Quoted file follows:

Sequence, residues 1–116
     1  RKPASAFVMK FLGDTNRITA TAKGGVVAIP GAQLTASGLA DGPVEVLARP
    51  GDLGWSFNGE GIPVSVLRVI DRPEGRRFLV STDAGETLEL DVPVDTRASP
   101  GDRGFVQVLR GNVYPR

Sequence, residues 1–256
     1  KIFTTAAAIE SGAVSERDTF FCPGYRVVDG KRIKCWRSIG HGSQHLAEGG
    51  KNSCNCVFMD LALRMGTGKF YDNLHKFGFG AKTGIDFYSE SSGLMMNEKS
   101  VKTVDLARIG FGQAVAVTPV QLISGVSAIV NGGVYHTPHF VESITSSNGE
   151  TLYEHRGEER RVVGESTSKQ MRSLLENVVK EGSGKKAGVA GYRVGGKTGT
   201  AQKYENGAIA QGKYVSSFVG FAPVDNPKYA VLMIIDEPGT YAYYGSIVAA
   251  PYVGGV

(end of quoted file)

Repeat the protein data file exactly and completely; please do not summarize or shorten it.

Sequence, residues 1–116
     1  RKPASAFVMK FLGDTNRITA TAKGGVVAIP GAQLTASGLA DGPVEVLARP
    51  GDLGWSFNGE GIPVSVLRVI DRPEGRRFLV STDAGETLEL DVPVDTRASP
   101  GDRGFVQVLR GNVYPR

Sequence, residues 1–256
     1  KIFTTAAAIE SGAVSERDTF FCPGYRVVDG KRIKCWRSIG HGSQHLAEGG
    51  KNSCNCVFMD LALRMGTGKF YDNLHKFGFG AKTGIDFYSE SSGLMMNEKS
   101  VKTVDLARIG FGQAVAVTPV QLISGVSAIV NGGVYHTPHF VESITSSNGE
   151  TLYEHRGEER RVVGESTSKQ MRSLLENVVK EGSGKKAGVA GYRVGGKTGT
   201  AQKYENGAIA QGKYVSSFVG FAPVDNPKYA VLMIIDEPGT YAYYGSIVAA
   251  PYVGGV